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Mental stress can lead to dental stress, and some Alberta dentists are seeing the signs

Some Alberta dentists are worried the stress of the COVID-19 pandemic is causing a surge in dental issues like broken teeth and jaw problems.

Clenching and grinding the teeth can lead to host of problems

Dental offices across Alberta are now dealing with a backlog of cases in the wake of the COVID-19 shutdown. (Daniel Frank/Pexels)

Some Alberta dentists are worried the stress of the COVID-19 pandemic is causing a surge in dental issues like broken teeth and jaw problems.

Mintoo Basahti, president-elect of the Alberta Dental Association and College, says bruxism — the clenching and grinding of teeth — is showing up in more and more patients.

"The triggers and some of the things associated with clenching and grinding, like physical factors, emotional and mental stressors are certainly higher now with a pandemic," Basahti told The Homestretch. "About 10 to 30 per cent of the population will do it anyways, like they're predisposed to that habit, but during the pandemic, we're just hearing more about it."

Basahti said the trend is anecdotal, but he has heard from colleagues around the province who are seeing an increase in cases. He's also read about the trend worldwide, and has seen it in his own practice.

Basahti said bruxism is sometimes referred to as the high blood pressure of dentistry, a quiet, undetected problem. In his practice, he said he sees a lot of men who have not seen any pain or symptoms but are sent in by their spouses who are hearing the grinding in their sleep.

Damage done at night

"Now, some people will do it involuntarily when they're awake. You know, you may catch yourself with your teeth clenched together when you're focusing on something or going through some physical activity. But most of the time, most of the damage is done when we are involuntarily doing it at night, when we're asleep, when we have very little control over it." 

Basahti said the new stresses of the pandemic, including home schooling children and working from home, may be contributing to new habits.

Mintoo Basahti, president-elect of the Alberta Dental Association and College, says people may not be aware they are grinding their teeth because most bruxism occurs during sleep. (John Shypitka/CBC)

"It's a multifactorial syndrome, but there are different triggers, so physical stress is one," he said.

"We are at home more. We're hunched over our computers, sitting in front of the Zooms. So, people may not be as active as they were before. So they get those bad postures, bad ergonomics, you know, bad back pain, neck pain, which then may lead into clenching and grinding there." 

But it's the mental component that Basahti thinks is really at play during COVID-19 times.

"So there's a physical component to it. And then the emotional and mental component of it. If you're going to bed concerned about, you know, things in your life, that may be a trigger as well."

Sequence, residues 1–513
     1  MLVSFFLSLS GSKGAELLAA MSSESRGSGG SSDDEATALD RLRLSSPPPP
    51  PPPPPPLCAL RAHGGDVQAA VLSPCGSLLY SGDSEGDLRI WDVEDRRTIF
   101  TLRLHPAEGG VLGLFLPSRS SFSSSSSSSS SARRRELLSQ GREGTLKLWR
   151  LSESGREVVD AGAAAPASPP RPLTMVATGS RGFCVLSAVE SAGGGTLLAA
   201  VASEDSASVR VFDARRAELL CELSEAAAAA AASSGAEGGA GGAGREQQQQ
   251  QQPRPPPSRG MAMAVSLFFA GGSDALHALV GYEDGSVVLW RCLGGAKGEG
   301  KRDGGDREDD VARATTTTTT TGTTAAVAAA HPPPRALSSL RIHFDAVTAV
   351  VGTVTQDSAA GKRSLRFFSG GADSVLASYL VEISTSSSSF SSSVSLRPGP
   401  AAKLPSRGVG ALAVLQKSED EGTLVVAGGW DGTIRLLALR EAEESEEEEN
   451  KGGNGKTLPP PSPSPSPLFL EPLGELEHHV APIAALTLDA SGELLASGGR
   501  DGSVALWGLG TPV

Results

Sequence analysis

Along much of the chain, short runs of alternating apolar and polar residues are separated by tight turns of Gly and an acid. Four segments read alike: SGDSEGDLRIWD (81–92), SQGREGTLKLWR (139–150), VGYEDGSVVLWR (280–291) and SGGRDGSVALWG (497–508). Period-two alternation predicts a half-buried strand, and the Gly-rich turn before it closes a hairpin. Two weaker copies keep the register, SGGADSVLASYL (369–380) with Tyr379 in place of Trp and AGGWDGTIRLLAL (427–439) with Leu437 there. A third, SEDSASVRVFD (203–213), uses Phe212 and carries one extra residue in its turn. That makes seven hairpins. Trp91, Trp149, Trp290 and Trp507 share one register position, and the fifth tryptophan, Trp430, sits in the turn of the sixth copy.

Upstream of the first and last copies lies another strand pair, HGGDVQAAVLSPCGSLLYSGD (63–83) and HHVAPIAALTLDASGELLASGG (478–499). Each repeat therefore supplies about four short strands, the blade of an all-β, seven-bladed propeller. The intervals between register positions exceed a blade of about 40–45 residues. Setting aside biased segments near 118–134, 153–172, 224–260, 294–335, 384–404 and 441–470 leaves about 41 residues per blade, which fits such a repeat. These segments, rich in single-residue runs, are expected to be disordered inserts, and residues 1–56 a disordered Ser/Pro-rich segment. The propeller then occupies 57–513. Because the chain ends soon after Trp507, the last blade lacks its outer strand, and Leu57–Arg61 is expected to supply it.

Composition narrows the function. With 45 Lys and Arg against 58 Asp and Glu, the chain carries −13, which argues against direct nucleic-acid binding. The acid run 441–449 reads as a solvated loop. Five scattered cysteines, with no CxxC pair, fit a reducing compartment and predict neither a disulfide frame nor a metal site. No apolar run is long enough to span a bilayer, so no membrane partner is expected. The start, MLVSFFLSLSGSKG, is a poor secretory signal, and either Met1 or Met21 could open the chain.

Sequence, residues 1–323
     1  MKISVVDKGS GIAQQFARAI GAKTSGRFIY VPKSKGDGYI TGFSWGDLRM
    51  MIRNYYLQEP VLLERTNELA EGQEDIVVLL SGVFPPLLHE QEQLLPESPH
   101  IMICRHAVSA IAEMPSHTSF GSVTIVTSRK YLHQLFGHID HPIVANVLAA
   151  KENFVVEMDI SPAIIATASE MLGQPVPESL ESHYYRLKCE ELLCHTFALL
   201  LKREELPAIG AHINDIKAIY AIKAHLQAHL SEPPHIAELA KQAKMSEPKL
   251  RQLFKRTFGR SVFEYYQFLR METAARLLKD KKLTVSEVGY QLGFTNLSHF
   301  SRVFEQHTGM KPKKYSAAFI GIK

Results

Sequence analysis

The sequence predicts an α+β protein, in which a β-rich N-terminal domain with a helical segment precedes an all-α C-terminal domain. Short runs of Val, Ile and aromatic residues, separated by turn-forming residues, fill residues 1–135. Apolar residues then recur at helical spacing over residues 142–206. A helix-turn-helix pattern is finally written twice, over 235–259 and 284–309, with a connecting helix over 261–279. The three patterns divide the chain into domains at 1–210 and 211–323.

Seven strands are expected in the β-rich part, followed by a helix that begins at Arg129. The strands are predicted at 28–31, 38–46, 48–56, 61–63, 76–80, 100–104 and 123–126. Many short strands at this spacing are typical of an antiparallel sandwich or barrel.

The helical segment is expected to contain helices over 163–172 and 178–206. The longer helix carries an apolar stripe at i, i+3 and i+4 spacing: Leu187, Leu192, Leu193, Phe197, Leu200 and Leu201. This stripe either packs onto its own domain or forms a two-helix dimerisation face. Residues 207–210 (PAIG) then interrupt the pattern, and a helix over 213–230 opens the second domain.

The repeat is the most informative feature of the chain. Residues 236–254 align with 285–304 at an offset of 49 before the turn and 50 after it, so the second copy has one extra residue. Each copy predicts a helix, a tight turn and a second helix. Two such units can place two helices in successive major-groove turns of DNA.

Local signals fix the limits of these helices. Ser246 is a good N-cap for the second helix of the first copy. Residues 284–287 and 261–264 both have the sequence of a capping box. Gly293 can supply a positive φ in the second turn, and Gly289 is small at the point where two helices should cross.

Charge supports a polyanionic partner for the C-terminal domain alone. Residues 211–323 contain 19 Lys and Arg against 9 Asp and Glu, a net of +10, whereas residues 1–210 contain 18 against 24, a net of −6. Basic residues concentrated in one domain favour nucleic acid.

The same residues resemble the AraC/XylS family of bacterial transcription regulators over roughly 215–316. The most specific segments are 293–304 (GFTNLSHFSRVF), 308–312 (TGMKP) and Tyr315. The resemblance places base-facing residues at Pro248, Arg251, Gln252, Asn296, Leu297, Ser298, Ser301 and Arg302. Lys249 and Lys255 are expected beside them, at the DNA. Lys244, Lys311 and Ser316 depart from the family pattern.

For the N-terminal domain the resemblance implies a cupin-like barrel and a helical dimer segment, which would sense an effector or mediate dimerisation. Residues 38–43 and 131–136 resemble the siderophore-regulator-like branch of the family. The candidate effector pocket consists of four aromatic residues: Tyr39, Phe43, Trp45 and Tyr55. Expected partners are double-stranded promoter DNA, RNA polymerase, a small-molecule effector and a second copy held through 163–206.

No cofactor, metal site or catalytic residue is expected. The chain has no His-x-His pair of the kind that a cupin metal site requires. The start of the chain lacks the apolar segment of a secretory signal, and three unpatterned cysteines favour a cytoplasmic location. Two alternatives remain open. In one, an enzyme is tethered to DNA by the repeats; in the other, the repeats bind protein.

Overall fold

But over a long period of time, bruxism can cause damage to the teeth.

"The normal bite pressure when you're chewing is about 60 pounds of pressure. People who are clenching can get up to 250 pounds of pressure," Basahti said.

"You can fracture your teeth, you can fracture fillings, you can cause teeth to loosen. And so many things can happen. Also, long term, if it continues, you can start to damage the joint. You hear people saying TMJ (temporomandibular joints) all the time, and TMJ is really just that hinge joint to the side of your jaw. It's the temporal bone in the mandibular bone meeting at that joint." 

Long-term clenching and grinding can cause disc displacement, Basahti said.

"And then the silent killer is undiagnosed. The bruxism where people don't know they're doing it, don't get it attended to, and they wear their teeth down over the years," Basahti said. "So those are the things that can happen."

Find out what's triggering it

The treatment for bruxism begins with diagnosis.

"If they are brushing and they have signs, in terms of they have some pain in the jaw joints, stiffness, headaches, maybe sensitivity that they don't normally have, even to the degree of maybe loose teeth, it's a good idea to go talk to your dentist and get diagnosed," Basahti said.

"Occasionally it'll be your partner who will notice that you clench and grind at night because they can hear you."

Basahti said the approaches to treatment are individual.

"The key is to try and figure out what's triggering it. But you also have to mitigate the damage," he said. "Often one of the simplest things to do is to fit a night grinding appliance."

Dental office backlog

Meanwhile, Basahti said dental offices are busy catching up with a massive backlog of cases caused by the pandemic shutdown.

"We're probably only doing emergency treatments for about two months. So we're seeing, you know, day-to-day things happen. Teeth are in a constant battle with food. So sometimes they lose and, you know, you'll break this or get a cavity. So that backlog is now coming into offices," he said. 

As far as patient safety, dentists have added new layers of protection and have always used PPE, he said.

"Patients feel very safe coming into dental offices (again)," he said. "And then if there is an increase in clenching and grinding, that's just that extra layer of demand that is coming in as well."


With files from The Homestretch.

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